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A function $f:R→R$ is given. Whenever we choose real numbers $a < b$ and set {$f(x) : a < x < b$} has a biggest element, we call this element local maximum of function $f$. Prove that a set of all local maximums of function $f$ is countable.

I think it's impossible to prove, because local maximum is defined as a "peak" on graph, that means the nearest values should be lower. Because I work on $D_f=R$, I can limit my local $D_f$ to however small interval I want and on most of these will have their own peaks. And then I can limit it even more etc. Thus there should be uncountable infinity of those peaks, or local maximums.

IMHO it would be provable only if the function $f$ were either rising or falling (or whatever the name is - I mean that no two x will have the same $f(x)$)

That is probably wrong, but I'm not sure why. What is the proof here, or at least how should I change my mindset to solve these kinds of tasks. I'm new to problematic of sets so I might be missing some important idea.

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    $\begingroup$ You can show that if $x$ is the local maximum for $a<b$, then it is a local maximum for $a'<b'$ where $a',b'\in\Bbb Q$. $\endgroup$ – Asaf Karagila Feb 8 '16 at 8:25
  • $\begingroup$ If f(a) or f(b) is larger then all f(x) then your set will not have a largest if it is a continuous function. $\endgroup$ – Q the Platypus Feb 8 '16 at 8:35
  • $\begingroup$ You and other should note that your terminology is not the standard. Also note that you're not guaranteed that there's a maximum on each open interval, but that may be interpreted as a property of $f$. $\endgroup$ – skyking Feb 8 '16 at 10:08
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For $a,b \in \mathbb{R}$ let $$m(a,b) := \begin{cases} \max_{x \in (a,b)} f(x) & , \text{ local maximum exists in } (a,b) \\ -\infty & , \text{ otherwise} \end{cases}.$$ The set we are interested in is $LM := \{ m(a,b) : a,b \in \mathbb R\} \setminus \{-\infty\}$. For any fixed $a,b \in \mathbb R$ with $m(a,b) > - \infty$ there exists (by definition) $$a < x_0 < b$$ such that $f(x_0) = m(a,b)$. Since in between two real numbers there always exists a rational number, we can find $\bar a, \bar b \in \mathbb Q$ such that $$a < \bar a < x_0 < \bar b < b.$$ Hence, $m(\bar a, \bar b) = m(a,b)$. Note that we can do this for all pairs $(a,b)$. Hence, every local maximum is identified with a pair $(\bar a, \bar b) \in \mathbb Q^2$. It follows that $$LM \subseteq \{m(\bar a, \bar b) : a,b \in \mathbb Q\} = \bigcup_{(\bar a,\bar b) \in \mathbb Q^2} \{m(\bar a, \bar b)\}$$ The right hand side is a countable union of finite sets. Hence, it is at most countable and thus the left hand side is also countable.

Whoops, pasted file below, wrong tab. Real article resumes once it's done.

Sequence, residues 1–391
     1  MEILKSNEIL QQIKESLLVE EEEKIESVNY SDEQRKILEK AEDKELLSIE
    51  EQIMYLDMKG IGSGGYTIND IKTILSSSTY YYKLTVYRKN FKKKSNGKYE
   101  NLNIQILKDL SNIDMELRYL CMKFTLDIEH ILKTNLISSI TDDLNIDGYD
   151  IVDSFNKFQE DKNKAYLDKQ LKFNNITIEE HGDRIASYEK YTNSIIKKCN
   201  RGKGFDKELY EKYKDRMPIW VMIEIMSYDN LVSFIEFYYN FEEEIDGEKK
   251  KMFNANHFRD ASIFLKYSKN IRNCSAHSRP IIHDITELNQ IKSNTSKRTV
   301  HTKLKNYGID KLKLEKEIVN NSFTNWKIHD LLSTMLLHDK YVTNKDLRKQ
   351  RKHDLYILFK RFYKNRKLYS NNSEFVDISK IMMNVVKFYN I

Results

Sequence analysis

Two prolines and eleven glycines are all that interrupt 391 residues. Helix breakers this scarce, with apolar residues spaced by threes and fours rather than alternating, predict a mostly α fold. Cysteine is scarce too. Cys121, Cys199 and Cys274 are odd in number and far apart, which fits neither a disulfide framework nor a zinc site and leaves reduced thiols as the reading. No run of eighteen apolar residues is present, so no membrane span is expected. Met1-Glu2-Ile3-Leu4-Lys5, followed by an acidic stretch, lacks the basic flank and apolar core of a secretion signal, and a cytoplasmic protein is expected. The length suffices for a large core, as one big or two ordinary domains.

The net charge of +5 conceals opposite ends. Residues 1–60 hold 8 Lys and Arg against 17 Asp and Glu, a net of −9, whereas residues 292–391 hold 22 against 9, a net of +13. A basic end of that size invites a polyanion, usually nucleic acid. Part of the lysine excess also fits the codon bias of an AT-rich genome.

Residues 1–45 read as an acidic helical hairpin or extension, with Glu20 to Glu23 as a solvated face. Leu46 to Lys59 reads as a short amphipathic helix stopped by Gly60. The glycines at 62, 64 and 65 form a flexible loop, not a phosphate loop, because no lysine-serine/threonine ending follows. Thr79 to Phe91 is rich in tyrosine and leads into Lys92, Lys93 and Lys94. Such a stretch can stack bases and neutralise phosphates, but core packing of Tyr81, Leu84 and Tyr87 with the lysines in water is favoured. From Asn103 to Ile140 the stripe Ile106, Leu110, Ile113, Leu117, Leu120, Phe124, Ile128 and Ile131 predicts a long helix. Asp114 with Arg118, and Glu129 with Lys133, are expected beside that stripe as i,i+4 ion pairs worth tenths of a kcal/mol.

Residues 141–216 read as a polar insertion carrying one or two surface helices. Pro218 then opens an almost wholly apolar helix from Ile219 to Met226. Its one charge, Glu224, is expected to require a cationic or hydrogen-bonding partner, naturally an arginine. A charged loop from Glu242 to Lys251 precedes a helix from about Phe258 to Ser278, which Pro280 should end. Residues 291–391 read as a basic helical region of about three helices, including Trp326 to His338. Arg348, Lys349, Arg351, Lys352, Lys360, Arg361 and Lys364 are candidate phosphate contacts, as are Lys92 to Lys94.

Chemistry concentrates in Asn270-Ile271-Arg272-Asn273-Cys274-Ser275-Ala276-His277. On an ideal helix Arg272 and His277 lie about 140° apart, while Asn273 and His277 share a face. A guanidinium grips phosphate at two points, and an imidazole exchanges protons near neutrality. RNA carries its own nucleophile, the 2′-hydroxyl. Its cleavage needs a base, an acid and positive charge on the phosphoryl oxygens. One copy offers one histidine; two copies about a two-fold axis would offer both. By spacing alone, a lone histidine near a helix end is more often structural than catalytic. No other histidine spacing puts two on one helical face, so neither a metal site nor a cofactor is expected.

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  • $\begingroup$ One could also note that $LM$ might be infinite as we could for example let $f(x) = x$ if $x\in \mathbb N$ and $f(x)=0$ otherwise - then $LM$ would be $\mathbb N$. $\endgroup$ – skyking Feb 8 '16 at 10:10
  • $\begingroup$ Great and elegant solution, thanks. $\endgroup$ – Sh4rP EYE Feb 8 '16 at 14:49

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